Assertion error parsing response to POST request from DRF viewset with DRF APIClient in tests

Issue

I’ve run into a strange issue with Django Rest Framework testing engine. The weird thing is that everything used to work fine with Django 3 and this issue turned up after I migrated to Django 4. Apart from testing, everything works well, and responds to queries as expected.

The problem

I’m using DRF APIClient to make queries for unit tests. While GET requests perform predictably, I fail to make POST requests work.

Here is some minimalistic example code I created to figure out the issue. The versions I’m using:

Python 3.9
Django==4.0.3
djangorestframework==3.13.1
from django.db import models
from django.urls import include, path
from django.utils import timezone
from rest_framework import routers, serializers, viewsets

router = routers.DefaultRouter()


# models.py

class SomeThing(models.Model):
    created_at = models.DateTimeField(default=timezone.now)
    title = models.CharField(max_length=100, null=True, blank=True)


# serializers.py

class SomeThingSerializer(serializers.ModelSerializer):
    class Meta:
        fields = "__all__"
        model = SomeThing


# views.py

class SomeThingViewSet(viewsets.ModelViewSet):
    queryset = SomeThing.objects.all().order_by('id')
    serializer_class = SomeThingSerializer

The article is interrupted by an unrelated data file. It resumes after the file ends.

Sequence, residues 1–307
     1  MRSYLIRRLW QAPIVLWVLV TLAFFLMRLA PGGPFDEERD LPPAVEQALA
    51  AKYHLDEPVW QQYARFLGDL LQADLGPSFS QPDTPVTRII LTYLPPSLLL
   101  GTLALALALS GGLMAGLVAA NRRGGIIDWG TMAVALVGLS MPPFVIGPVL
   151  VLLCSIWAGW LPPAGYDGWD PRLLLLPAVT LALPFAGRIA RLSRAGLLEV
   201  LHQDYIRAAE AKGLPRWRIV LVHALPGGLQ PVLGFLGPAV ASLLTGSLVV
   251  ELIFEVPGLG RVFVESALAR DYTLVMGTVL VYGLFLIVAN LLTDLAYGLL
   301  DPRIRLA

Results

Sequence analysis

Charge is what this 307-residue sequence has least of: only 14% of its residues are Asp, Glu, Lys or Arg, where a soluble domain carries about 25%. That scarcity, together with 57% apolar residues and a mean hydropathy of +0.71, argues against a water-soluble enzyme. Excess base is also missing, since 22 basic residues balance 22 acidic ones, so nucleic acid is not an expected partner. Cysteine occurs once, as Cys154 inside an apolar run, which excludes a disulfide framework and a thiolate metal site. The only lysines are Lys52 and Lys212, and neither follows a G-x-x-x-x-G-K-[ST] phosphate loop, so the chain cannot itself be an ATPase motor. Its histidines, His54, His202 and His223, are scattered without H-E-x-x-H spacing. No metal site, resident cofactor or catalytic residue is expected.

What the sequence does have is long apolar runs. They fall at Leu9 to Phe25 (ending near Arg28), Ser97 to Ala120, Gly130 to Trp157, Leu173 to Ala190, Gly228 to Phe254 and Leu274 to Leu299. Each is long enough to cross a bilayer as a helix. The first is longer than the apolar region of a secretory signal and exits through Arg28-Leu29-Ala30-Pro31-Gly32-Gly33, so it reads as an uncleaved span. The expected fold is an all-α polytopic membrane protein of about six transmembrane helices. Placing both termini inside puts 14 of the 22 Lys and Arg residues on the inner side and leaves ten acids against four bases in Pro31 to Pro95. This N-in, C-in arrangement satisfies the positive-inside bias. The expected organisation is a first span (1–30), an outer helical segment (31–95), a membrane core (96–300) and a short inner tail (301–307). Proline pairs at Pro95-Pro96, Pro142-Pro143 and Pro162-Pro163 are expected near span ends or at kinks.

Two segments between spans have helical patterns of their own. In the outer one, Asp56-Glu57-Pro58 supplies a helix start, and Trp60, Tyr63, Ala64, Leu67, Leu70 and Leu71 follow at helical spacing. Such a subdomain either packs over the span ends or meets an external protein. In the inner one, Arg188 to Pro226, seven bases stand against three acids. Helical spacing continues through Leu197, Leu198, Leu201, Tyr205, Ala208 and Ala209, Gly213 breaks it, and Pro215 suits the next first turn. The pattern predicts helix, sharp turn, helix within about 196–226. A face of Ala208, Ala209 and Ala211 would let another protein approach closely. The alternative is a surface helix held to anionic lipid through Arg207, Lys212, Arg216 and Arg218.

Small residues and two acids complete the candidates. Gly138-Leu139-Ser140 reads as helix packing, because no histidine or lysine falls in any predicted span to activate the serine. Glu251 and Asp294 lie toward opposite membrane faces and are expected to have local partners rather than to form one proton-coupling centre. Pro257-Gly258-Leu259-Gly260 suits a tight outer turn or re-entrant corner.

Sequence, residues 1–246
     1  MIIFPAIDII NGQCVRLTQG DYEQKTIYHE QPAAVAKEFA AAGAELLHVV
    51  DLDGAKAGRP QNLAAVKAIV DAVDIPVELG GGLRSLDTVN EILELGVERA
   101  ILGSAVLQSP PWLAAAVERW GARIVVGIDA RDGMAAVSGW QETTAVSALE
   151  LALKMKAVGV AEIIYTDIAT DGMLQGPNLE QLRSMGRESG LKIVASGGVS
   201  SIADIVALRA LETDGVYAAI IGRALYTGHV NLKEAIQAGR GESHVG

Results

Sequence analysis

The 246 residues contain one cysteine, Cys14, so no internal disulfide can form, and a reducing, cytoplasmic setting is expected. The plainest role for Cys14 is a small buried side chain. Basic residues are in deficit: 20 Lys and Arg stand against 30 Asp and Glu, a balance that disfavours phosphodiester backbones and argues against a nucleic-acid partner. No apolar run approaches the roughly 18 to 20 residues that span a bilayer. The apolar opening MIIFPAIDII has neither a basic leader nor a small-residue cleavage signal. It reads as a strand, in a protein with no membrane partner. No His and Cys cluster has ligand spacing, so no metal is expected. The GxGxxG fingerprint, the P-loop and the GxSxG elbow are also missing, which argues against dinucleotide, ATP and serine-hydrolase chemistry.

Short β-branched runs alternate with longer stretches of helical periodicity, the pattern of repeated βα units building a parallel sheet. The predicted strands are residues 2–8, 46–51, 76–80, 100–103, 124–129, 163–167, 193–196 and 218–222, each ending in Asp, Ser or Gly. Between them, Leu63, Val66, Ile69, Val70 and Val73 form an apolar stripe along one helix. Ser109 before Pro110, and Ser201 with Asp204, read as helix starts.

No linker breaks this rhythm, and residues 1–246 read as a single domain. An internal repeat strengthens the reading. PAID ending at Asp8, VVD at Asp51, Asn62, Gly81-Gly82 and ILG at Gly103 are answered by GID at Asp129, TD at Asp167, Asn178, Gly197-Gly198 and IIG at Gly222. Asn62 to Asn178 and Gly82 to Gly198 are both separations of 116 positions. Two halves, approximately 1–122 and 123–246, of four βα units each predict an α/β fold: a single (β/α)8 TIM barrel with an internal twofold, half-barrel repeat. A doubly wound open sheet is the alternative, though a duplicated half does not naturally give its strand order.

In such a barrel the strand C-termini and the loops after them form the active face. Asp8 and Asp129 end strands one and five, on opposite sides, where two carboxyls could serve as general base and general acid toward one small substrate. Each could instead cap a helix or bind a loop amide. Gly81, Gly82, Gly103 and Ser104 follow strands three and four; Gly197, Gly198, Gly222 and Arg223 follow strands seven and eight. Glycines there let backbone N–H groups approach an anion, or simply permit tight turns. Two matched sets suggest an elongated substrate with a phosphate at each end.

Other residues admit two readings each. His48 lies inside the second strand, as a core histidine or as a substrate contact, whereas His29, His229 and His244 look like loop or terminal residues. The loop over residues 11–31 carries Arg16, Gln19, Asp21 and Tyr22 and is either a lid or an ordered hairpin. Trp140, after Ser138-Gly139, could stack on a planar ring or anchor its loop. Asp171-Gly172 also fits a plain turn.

# urls.py

router.register("some-things", SomeThingViewSet, basename="some_thing")

app_name = 'question'
urlpatterns = (
    path('', include(router.urls)),
)

Here is my test case:

import json

from django.contrib.auth import get_user_model
from rest_framework import status
from rest_framework.test import APITestCase, APIClient


class TestUserView(APITestCase):
        self.some_user = get_user_model().objects.create(login="[email protected]")

    @staticmethod
    def get_client(user):
        client = APIClient()
        client.force_authenticate(user=user)
        return client


    def test_do_something(self):
        client = self.get_client(self.compliance_chief)
        url = reverse('question:some_things-list')
        resp = client.post(
            path=url,
            data=json.dumps({"title": "Created Something"}),
            content_type="application/json",